(Bloomberg) -- A Nigerian court upheld Bola Tinubu’s victory in the February presidential election in Africa’s most populous nation.
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In a unanimous decision, the Presidential Election Petition Tribunal on Wednesday dismissed an application from three political parties to overturn the declaration of Tinubu as the winner of the hotly contested vote. The five judges of the court, led by Haruna Tsammani, agreed with Tinubu’s lawyers that the petitioners’ case lacked merit.
Tinubu said the judgment had renewed and energized his efforts to build a unified, peaceful and prosperous nation. The ruling “reflects the continuing maturation of Nigeria’s legal system, and the advancement of Africa’s largest democracy at a time when our democratic system of government is under test in other parts of the continent,” he said in an emailed statement.
The affirmation of Tinubu’s win will strengthen his capacity to push through the difficult reforms he has initiated since he was sworn into office on May 29. The tribunal’s ruling can, however, be appealed in the Supreme Court.
Official results showed that Tinubu, the ruling All Progressives Congress’ candidate, won 35.2% support in the election, and runner-up Atiku Abubakar of the main opposition Peoples Democratic Party 28%.
Local and international observers questioned the credibility of the contest. The European Union mission said in a June report that the way the vote was conducted undermined public trust in democracy as the electoral commission “did not ensure a well-run, transparent and inclusive democratic process.”
The PDP, Peter Obi’s Labor Party and the Allied Peoples Movement challenged the outcome of the elections, alleging that they were rigged. They also questioned Tinubu’s eligibility to stand, because he once forfeited money that was allegedly linked to the illegal drug trade to the US government. Tinubu’s lawyers have said he was never charged over the matter and the judges found the petitioners had failed to present evidence that the president was ever detained or convicted.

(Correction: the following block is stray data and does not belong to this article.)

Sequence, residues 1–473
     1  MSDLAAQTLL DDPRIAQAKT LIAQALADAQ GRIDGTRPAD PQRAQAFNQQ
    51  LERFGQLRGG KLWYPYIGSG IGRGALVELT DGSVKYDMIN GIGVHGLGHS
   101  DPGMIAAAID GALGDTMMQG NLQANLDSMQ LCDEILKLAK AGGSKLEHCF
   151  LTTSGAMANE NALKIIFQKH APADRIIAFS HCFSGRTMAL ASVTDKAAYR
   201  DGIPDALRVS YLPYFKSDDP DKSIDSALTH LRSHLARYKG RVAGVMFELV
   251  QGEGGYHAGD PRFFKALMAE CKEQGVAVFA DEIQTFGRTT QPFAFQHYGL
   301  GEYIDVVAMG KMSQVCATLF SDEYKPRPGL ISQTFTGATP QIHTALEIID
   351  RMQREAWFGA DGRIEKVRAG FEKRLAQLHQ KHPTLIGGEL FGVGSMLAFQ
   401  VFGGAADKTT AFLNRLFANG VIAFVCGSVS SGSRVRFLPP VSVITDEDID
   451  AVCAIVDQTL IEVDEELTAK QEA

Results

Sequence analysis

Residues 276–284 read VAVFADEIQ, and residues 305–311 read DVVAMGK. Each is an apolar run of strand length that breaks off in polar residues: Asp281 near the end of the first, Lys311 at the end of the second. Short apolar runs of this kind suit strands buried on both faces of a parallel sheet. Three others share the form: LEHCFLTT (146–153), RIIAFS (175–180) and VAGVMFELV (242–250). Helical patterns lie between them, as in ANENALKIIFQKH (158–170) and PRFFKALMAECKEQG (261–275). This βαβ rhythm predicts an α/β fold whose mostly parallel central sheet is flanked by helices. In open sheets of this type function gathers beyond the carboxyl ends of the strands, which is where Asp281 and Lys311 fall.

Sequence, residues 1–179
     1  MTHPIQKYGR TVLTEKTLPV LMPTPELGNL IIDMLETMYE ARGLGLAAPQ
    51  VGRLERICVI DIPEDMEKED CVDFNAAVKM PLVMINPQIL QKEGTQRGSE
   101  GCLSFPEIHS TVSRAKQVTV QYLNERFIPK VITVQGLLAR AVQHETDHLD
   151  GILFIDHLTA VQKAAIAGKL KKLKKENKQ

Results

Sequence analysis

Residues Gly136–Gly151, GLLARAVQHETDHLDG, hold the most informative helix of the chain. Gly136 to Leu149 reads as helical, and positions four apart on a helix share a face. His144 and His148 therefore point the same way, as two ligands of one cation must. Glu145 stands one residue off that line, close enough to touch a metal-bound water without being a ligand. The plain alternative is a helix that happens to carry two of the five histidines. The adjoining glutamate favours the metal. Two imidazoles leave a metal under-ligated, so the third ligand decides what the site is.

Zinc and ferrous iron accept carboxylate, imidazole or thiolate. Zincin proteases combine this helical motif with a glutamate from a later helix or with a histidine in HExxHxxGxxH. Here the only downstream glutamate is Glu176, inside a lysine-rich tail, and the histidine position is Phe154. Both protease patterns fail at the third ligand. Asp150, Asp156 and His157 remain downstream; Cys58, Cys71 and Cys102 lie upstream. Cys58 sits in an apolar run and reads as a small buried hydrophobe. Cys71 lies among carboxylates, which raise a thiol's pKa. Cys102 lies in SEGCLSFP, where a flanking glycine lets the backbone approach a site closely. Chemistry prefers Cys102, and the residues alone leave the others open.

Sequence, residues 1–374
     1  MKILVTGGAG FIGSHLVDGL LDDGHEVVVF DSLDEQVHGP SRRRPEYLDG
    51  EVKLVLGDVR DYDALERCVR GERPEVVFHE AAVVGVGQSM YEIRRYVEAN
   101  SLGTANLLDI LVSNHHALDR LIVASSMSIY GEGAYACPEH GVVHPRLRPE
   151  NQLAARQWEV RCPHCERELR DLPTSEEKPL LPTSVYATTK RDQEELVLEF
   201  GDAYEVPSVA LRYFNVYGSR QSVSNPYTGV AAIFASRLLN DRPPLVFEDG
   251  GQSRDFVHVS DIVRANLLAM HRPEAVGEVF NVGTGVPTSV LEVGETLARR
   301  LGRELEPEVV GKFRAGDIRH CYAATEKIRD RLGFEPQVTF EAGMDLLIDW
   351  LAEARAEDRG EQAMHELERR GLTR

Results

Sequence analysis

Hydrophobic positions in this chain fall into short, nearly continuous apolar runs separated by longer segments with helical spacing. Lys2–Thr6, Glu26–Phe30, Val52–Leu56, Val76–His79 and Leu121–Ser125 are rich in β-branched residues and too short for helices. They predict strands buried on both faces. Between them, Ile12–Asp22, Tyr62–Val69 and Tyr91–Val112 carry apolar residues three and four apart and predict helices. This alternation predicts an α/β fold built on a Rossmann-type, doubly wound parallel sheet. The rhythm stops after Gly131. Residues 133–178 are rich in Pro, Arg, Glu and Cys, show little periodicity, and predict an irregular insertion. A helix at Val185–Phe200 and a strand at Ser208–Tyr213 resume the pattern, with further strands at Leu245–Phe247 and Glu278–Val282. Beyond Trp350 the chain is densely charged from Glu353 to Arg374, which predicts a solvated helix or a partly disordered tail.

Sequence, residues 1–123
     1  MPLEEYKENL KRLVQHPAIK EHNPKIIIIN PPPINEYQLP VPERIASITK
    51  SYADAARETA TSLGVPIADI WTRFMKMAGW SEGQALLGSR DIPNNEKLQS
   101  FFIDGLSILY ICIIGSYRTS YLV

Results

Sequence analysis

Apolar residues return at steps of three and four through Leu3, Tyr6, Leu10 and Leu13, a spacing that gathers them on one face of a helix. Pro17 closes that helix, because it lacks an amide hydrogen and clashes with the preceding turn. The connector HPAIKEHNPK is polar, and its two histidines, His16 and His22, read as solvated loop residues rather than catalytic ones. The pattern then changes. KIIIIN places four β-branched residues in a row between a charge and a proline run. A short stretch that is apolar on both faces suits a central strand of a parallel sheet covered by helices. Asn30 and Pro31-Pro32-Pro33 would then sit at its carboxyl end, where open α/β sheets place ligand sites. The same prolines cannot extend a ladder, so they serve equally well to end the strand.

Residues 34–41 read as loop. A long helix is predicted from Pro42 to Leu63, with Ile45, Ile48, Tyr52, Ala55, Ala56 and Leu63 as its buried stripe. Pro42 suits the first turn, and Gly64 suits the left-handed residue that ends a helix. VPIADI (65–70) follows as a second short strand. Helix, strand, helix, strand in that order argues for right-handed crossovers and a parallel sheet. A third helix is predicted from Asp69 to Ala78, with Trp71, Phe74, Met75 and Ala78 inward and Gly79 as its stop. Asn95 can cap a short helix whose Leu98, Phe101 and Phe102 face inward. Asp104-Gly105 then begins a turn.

Abubakar said on Thursday that he has asked his lawyers to appeal the judgment because it failed to deliver justice.. “Though the judgment of the court yesterday is respected, it is a judgment I refuse to accept,”he said.
Nigerian dollar bonds maturing in 2025 were little changed on Thursday. Nigerian stocks and bonds have rallied since Tinubu assumed the presidency and announced an end to costly gasoline subsidies, suspended the controversial head of the central bank and allowed the dollar to trade more freely against the local currency.
Tinubu, who has always insisted that he was fairly elected, traveled to India this week to attend the G20 summit and participate in an India-Nigeria business summit. Deals worth about $14 billion were signed at the latter event, the presidency said in an emailed statement.
The outcome of presidential elections in Nigeria have never been overturned in Nigeria since the country returned to democratic rule in 1999.
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--With assistance from Monique Vanek.
(Updates with comments from Atiku Abubakar in paragraph eight)
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